[tex-live] question about archive naming scheme

Norbert Preining preining at logic.at
Tue Sep 21 06:24:20 CEST 2010

On Mo, 20 Sep 2010, Gergely Gábor wrote:
> > I'm packaging TeX Live now since five years, of course it is not easy, but not out of the reason you state.
> I guess you are not using a source based package deployment system, so

Of course. I always have to upload source and binary of a Debian package
to the Debian archive. Distributed to the Debian users are usually only
the binary packages, but every user can get the source by typing
	apt-get source texlive-base
for example. So yes, we do source/bin both.

> package you deploy to the users. But with a source based system (like
> that of NetBSD, the pkgsrc) the archives must be available sometimes
> even a year or later too. But what i have seen at the tex sites there is

The problem is that *YOU* BSD guys want to rely on *US* TeX Live guys
to keep an aribtrary history of TeX Live, which we cannot do,
or you provide us with server/network/space/time.

You BSD guys should have your own server, and upload the snapshot
you want to keep to that server.

In Debian I repackage the TeX Live into 5 different
and those are on the *DEBIAN* servers.

> such). The netbsd pkgsrc, the freebsd ports, or even the gentoo portage
> are doing packaging since more than 5 years, so stating how long have
> you been doing something is a totally useless point in an argument,
> especially as your practice is totally bad for the above mentioned,
> older projects.

Please don't tell me how packaging should be done. If you want us
to keep a history then you have it already: Use the .iso image *ONLY*
or the released tarballss of the releases, and not intermediate
steps. We will not and cannot and have no intention (we = TL Team)
to save backlogs to arbitrary old.

Just bundle up what you need into one tar file and be gone, is it that hard?
THen use it from your or any BSD server to get the sources.

> > md5 sums are also in the texlive.tlpd
> which is totally useless, should you have read my previous mail, and

(TL hat on)
They are not sueless, as we use them to check the sanity and 
completeness of *our* packaging system.

What you wan tis to adapt *our* packaging system to what you need.
But this is not our business. Packagers have to adpat to upstream.

(Debian hat on)
You know how much time it took me to switch from the packaging of
TL 2007 to the one of 2009 in Debian. And the same will happen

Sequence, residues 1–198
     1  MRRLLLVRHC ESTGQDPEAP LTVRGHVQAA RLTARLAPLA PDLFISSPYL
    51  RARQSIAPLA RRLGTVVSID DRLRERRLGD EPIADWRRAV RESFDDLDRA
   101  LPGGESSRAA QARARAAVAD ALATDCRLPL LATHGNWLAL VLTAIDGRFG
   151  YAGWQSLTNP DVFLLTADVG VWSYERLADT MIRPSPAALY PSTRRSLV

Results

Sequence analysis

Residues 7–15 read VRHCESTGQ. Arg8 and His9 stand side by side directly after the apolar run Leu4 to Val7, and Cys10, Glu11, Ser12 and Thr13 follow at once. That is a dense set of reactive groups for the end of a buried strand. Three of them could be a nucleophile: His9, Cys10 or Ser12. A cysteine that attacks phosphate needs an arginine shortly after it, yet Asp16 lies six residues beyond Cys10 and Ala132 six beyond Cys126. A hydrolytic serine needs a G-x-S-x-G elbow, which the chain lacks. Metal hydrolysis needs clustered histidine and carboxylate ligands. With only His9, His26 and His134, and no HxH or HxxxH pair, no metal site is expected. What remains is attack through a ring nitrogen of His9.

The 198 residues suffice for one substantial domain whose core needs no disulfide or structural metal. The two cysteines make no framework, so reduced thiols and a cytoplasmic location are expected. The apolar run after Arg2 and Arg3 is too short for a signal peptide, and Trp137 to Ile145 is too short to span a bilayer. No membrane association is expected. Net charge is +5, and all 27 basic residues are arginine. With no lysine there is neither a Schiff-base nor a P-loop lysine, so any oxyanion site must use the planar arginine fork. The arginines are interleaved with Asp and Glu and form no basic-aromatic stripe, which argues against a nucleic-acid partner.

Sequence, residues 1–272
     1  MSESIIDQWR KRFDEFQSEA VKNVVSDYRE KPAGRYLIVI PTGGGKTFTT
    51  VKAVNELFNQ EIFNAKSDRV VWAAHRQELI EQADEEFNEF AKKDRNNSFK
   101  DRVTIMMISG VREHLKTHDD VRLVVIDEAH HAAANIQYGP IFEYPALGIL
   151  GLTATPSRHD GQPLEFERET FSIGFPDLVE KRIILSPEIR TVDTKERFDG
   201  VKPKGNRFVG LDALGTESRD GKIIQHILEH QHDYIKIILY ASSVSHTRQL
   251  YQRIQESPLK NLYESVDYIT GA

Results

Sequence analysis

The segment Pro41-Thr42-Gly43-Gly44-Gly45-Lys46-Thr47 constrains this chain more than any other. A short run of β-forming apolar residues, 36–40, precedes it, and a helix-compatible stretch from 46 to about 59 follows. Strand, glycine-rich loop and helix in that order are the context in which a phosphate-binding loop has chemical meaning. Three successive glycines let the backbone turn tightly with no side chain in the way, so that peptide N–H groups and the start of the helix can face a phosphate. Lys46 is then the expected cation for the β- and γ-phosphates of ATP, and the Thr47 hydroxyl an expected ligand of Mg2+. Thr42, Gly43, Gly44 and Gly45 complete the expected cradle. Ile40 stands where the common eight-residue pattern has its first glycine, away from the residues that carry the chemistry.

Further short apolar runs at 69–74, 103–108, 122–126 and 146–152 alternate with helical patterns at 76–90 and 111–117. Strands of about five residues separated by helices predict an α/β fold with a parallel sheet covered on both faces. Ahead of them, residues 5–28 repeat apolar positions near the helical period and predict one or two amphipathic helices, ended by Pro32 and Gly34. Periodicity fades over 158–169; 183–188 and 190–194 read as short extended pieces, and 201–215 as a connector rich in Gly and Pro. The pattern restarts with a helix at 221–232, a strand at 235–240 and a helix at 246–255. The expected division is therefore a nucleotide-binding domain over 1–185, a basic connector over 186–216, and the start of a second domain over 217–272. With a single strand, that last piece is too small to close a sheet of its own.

when switching to TL 2010 where I have to switch to the tlnet
distribution method. I know how to do it, I only miss the time
to program it.

> These packaging systems need a given, _tested_ version of the source
> archives. The sums could prove that a source is authentic, but how can

(TL hat on)
For what? As we are distributing TL since quite some time now, it
seems that somehow we managed without that,so why do you assume
that this is not possible? Maybe because the you don't want to 
invest time to program around what our distribution system is?

How hard is to:
- rsync any tlnet at a given date
- extract the timestamps or package revisions from the tlpdb
- rename the package.tar.xz to include the revision
- tar up all the stuff

That is a perl script of about 30 lines? 

> one get an older version, that is _known to work_, as this a principle

There is *NO*NO*NO* *known to work* release. We try our best, we
test before releases, but even with the released verison of TL2010
there are bugs. So what you can do is select any day and use that.

Before syncing to CTAN we do several tests to ensure basic operationality.

> idea of the software deployment. Not to mention that the authenticity of
> the file you keep sums in can not be checked, as it is not signed by a
> trusted key, and the mirrors can be out of sync, 

Well, that can be fixed by using gpg  signing the relase file.
Maybe I implement that.

> Then please point me to some such documentation, that can show me the
> rationale behind this. But until that i also would like to point You to

Ahem ... ever checed the doc directory in

I assume you have an idea about that, right? All the perl modules are
pod documented. Read that.

> something to read:
> http://tim.oreilly.com/pub/a/onlamp/2005/03/31/packaging.html
> I suggest the distribution file part for reading and considering.

Yes, but the problem is that *WE* are distributing already to
our users. We are not simple upstream package creators.

ALl what is written there is actually aplying to *US*versus*TeX package
writers*, they should keep a proper history.

WHen I read the recommendation in that article and I would try to 
follow there would be:
- no installation of TL over the network
- no live update over the network
- no testing of critical package before relaeaseing, ...

Please, try to see that you are dealing not with an upstream
like program foobar, but with an upstream that is also a distributor.

If you want some more traditional approach, why not pull the packages
directly from CTAN? There you have what you want, the files
directly from the authors.

Best wishes

Norbert Preining            preining@{jaist.ac.jp, logic.at, debian.org}
JAIST, Japan                                 TeX Live & Debian Developer
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